ChildBuilders has been serving the Houston community for over 45 years. Founded in 1974 by a group of child advocates dedicated to improving mental health services for Houston’s area children, the core of ChildBuilders' work has evolved from expanding treatment options for children with mental illness to preventing the abuse and trauma that contributes to mental illness in today's youth.
...is to promote mental health and prevent abuse by empowering children, parents, and teachers with assertiveness skills, emotional control, empathy, resilience, and the ability to resolve conflict nonviolently.
We envision a community where all children are respected, nurtured, and protected.
ChildBuilders develops and implements primary prevention programs to achieve our mission and realize our vision. Our strategy is informed by extensive research in child abuse prevention, nurturing parenting, and positive school climate. Over many years we have brought our prevention efforts in close alignment with with recommendations from respected institutions in the United States.
At some point in their lives, most children will experience adversity, and often these experiences cause trauma (Szalavitz & Perry, 2010). One of the strongest risk factors for developing a mental illness is trauma. Trauma can negatively affect developing brain structure and function, stress responses, and attachment.
We cannot prevent all childhood adversity. Instead, we arm children with skills that can reduce their risk of trauma, increase their resilience to traumatic events, and increase their awareness of their own rights and responsibilities when it comes or keeping themselves and their communities safe.
For more information on our guiding principles, please visit the following resources.
Centers for Disease Control and Prevention (2019). Preventing adverse childhood experiences (ACES): Leveraging the best available evidence. Atlanta, GA: National Center for Injury Prevention and Control, Centers for Disease Control and Prevention. Link
Child Welfare Information Gateway. (2020). Protective factors approaches in child welfare. Washington, DC: U.S. Department of Health and Human Services, Administration for Children and Families, Children’s Bureau. Link
The Collaborative for Academic, Social, and Emotional Learning (CASEL). https://casel.org/
The seven women in this picture came together in 1972 over a hamburger lunch. Their shared concern: Houston was becoming a world-class city but lacked treatment facilities for children with serious mental health disorders. Their concern became a mission as they began to work with local agencies and organizations to mobilize resources to fill this gap. This led to the birth of CAN-DO-IT (Children: Action Now Developing Options in Treatment) in 1974. CAN-DO-IT became a catalyst for merging money, manpower, and facilities to meet the needs of seriously mentally ill children.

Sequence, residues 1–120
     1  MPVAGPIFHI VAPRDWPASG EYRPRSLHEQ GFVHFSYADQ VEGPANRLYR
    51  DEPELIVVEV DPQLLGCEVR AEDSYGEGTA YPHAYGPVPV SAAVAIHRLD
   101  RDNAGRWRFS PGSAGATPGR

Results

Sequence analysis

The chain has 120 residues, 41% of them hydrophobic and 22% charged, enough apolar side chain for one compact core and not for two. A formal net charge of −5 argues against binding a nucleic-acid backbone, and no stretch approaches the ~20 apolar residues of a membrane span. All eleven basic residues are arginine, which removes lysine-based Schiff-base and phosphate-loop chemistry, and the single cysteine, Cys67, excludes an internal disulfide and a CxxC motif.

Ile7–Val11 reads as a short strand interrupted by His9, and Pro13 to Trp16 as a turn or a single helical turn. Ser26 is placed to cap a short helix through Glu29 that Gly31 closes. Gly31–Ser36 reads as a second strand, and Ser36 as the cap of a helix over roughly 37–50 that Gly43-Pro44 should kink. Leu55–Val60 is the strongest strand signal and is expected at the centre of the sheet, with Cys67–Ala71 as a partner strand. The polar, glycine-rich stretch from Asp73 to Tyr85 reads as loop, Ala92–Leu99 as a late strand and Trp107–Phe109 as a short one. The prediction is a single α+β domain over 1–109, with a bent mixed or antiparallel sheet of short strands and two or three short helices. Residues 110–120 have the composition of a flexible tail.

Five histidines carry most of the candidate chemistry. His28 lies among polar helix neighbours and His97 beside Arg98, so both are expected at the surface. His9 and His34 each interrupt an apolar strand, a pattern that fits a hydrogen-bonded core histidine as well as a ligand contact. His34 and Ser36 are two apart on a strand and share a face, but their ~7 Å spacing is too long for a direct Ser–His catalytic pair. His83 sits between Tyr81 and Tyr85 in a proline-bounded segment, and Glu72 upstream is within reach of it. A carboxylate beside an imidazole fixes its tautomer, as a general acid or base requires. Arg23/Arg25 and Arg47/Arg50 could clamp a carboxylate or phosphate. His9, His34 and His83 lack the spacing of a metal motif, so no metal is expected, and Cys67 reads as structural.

Pictured from left to right: Felice "Buzz" Cohen, Angelee Duke, Barbara Henley, Polly Marsters, Muriel Folloder Phillips, Dodie McBride, and Mary Wright.
Remembering Muriel Folloder Phillips,
Our Founding Mother and
As the mother of a child with serious mental health needs, Muriel was determined to establish a treatment facility in Houston so her son could helped locally. An idea that started over a hamburger lunch became CAN-DO-IT (now ChildBuilders), and Muriel was the driving force behind it. She remained deeply involved with the organization until her death in 2016 at the age of 94. Among her many contributions to the organization were leading fundraising efforts, recruiting board and staff members, championing programs, and advocating for children at the state legislature. Not a day went by that Muriel didn’t call ChildBuilders staff to make a suggestion or offer to help.
Beloved by the Houston community, she received many humanitarian awards for her achievements on behalf of children with mental health needs. Those who were fortunate to know her will always remember the sparkle in her eye, her strength in conviction, her compassion for those less fortunate, her passion, and her fearlessness in speaking out for children. Years ago, Muriel had hamburger necklaces made for her and the other founders. When she passed away, the hamburger necklace was buried with her. The world is a better place because she was here.
Amanda stepped into the role of Executive Director of ChildBuilders in 2017 after 10 years of service to the organization. Her public health background provides an ideal perspective from which to improve community mental health.
Director of Program Services
Gretchen joined ChildBuilders as a social work intern in 2008 after nearly 10 years in public education. She is dedicated to developing innovative approaches to preventing violence and abuse.
Janet is a licensed professional counselor, marriage and family therapist, and play therapist. Her dedication to ChildBuilders’ mission and vision has spanned three decades.
Board of Directors
The Texas Wine School
Spindletop Community Impact Partners
Monarch Real Estate Group
The Thread Alliance
Katie Stewart Anchondo
New Hope Housing, Inc.
First Community Credit Union
OBR, The Junior League of Houston
Quantum Energy Partners
Myrna Engler, LCSW
Chris Greeley, MD
Robert W. Guynn, MD
Fernando Isart, MD, FAAP
James W. Lomax, MD
Dorothy F. Matthews, Ph.D.
William Patrick Moore, MD
Imogen Papadopoulos, JD
Janet Pozmantier, MS, LPC
Jan Redford, Ph.D.
Barbara Samuels, Ed.D.
John L. Tribo
Alan Woodbury, CPA
of our partners
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ChildBuilders is a fiscally responsible 501(c)(3) non-profit organization. We take the role of handling our financials very seriously and are extremely diligent about where we allocate our funds to further our training, growth and awareness.
ChildBuilders maintains accounts with accreditation organizations to demonstrate organizational transparency.